Planned construction of the first rail line through Pike County, to link Naples, Illinois with Hannibal, Missouri and the Mississippi River, helped further invigorate area land sales and development in the 1860s. However, when this railroad was built in 1869, it bypassed New Philadelphia and had station stops at Barry and the new depot towns of Hadley Station and Pineville (later called Baylis), formed in 1870. Occupation of New Philadelphia declined thereafter, an order entered in 1885 dissolved the legal status of the town, and the site is now covered by farmlands (see Walker 1983, reissue edition 1995).
This web page presents information available from maps, surveys, deeds, census data, tax records, newspaper archives, and archaeological investigations of the New Philadelphia area. An excellent study of the history of Free Frank and the town he founded was written by Dr. Juliet E. K. Walker, a descendant of Free Frank and a Professor of History at the University of Texas. Prof. Walker's book, Free Frank: A Black Pioneer on the Antebellum Frontier, University Press of Kentucky, 1983 (reissue edition, 1995), is available from booksellers such as Amazon.com. Additional social, historical and genealogical research, and a list of published books concerning the McWorter family, are available at the McWorter Family website, edited by Dr. Abdul Alkalimat (Gerald McWorter), the Director of Africana Studies and a Professor of Sociology at the University of Toledo.
A collaborative project of archaeologists, historians, and members of the local and descendant communities is underway to further research the social history of this demographically integrated town and to enhance its focus in our national memory and heritage. Participating organizations include the University of Illinois at Urbana-Champaign and Springfield, the Illinois State Museum, DePaul University, the University of Maryland's Center for Heritage Resource Studies, the University of Central Florida's Public History Program, and the New Philadelphia Association. Sprague's Kinderhook Lodge has also provided generous support.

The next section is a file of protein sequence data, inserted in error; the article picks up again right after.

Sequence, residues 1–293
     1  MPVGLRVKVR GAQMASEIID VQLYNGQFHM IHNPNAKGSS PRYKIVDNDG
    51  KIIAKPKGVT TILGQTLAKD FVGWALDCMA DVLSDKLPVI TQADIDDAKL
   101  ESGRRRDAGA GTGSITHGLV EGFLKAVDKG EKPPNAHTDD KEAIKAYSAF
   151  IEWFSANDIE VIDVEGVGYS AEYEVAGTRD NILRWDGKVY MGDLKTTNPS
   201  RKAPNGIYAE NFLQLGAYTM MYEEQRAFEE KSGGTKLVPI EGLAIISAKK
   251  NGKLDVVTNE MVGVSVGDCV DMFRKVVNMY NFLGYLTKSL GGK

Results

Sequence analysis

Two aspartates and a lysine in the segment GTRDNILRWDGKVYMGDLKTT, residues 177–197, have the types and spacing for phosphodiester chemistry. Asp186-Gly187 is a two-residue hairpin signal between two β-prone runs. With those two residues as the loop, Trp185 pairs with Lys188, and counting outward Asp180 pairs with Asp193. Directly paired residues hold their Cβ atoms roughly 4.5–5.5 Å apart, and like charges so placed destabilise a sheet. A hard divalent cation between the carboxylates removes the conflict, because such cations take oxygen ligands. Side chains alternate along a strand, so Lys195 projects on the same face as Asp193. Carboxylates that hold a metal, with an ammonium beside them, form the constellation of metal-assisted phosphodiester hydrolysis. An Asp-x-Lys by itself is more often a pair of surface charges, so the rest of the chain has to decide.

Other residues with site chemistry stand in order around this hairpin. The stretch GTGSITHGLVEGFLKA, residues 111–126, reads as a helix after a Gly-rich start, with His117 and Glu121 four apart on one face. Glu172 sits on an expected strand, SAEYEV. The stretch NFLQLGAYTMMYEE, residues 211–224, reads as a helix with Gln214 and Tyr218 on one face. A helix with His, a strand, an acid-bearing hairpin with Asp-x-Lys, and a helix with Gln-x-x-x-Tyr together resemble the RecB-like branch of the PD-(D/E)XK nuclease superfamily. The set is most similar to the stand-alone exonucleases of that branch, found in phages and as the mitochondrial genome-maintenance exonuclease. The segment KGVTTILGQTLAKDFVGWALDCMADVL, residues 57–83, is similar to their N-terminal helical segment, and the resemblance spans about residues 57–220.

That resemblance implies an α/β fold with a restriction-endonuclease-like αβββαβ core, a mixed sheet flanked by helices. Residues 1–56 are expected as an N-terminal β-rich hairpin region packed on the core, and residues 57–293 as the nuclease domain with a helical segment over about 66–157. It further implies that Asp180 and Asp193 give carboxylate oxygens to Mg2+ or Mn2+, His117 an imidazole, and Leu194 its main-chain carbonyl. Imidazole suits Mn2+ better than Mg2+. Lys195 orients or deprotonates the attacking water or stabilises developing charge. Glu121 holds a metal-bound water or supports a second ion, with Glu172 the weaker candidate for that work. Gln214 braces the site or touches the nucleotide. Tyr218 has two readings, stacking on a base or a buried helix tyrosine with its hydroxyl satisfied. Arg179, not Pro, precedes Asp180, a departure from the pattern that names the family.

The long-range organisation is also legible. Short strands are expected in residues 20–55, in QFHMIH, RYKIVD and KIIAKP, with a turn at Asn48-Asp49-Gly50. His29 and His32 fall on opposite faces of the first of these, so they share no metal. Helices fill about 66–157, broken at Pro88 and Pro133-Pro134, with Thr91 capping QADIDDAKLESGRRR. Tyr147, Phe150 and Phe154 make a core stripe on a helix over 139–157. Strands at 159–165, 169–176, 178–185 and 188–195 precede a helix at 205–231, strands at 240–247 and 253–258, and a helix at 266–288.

In 2005, this project succeeded in placing the entire town site of New Philadelphia onto the National Register of Historic Places as a nationally significant archaeological resource. In October 2008, nomination of the town site to National Historic Landmark status was approved by the National Historic Landmarks committee in Washington, D.C. Patricia McWorter presented an eloquent and moving statement on behalf of the McWorter family at that hearing on the powerful legacies of New Philadelphia and Frank McWorter. This nomination received official support from U.S. Senators Barack Obama and Richard Durbin; U.S. Representatives Ray LaHood and John Shimkus; Illinois Senators Deanna Demuzio, Emil Jones, Jr., and John Sullivan; and Illinois Representatives Jil Tracy and Mary Flowers, among others. The nomination received final approval by the Secretary of the Interior on January 16, 2009, and the New Philadelphia town site is now recognized as a National Historic Landmark.
Choose from the resources on the image below to learn more and to participate. Follow the field school link below to learn more about our ongoing archaeology work, supported by the National Science Foundation's Research Experiences for Undergraduates program. This site presents information in a basic web format. Go to our Web 2.0 portal if you'd like to participate in these discussions using more interactive resources.